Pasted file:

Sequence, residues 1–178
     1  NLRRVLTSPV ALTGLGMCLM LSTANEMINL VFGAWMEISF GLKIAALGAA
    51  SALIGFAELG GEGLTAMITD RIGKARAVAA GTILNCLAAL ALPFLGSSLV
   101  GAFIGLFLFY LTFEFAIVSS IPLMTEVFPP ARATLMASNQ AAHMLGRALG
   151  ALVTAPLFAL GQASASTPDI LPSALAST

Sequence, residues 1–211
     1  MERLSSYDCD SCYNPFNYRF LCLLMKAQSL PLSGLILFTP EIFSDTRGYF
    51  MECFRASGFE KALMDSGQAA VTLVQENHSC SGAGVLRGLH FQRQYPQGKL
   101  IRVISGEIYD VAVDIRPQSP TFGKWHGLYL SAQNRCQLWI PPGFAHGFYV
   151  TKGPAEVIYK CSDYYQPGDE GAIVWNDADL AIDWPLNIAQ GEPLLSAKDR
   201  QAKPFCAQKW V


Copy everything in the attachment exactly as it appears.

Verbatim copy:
Sequence, residues 1–178
     1  NLRRVLTSPV ALTGLGMCLM LSTANEMINL VFGAWMEISF GLKIAALGAA
    51  SALIGFAELG GEGLTAMITD RIGKARAVAA GTILNCLAAL ALPFLGSSLV
   101  GAFIGLFLFY LTFEFAIVSS IPLMTEVFPP ARATLMASNQ AAHMLGRALG
   151  ALVTAPLFAL GQASASTPDI LPSALAST

Sequence, residues 1–211
     1  MERLSSYDCD SCYNPFNYRF LCLLMKAQSL PLSGLILFTP EIFSDTRGYF
    51  MECFRASGFE KALMDSGQAA VTLVQENHSC SGAGVLRGLH FQRQYPQGKL
   101  IRVISGEIYD VAVDIRPQSP TFGKWHGLYL SAQNRCQLWI PPGFAHGFYV
   151  TKGPAEVIYK CSDYYQPGDE GAIVWNDADL AIDWPLNIAQ GEPLLSAKDR
   201  QAKPFCAQKW V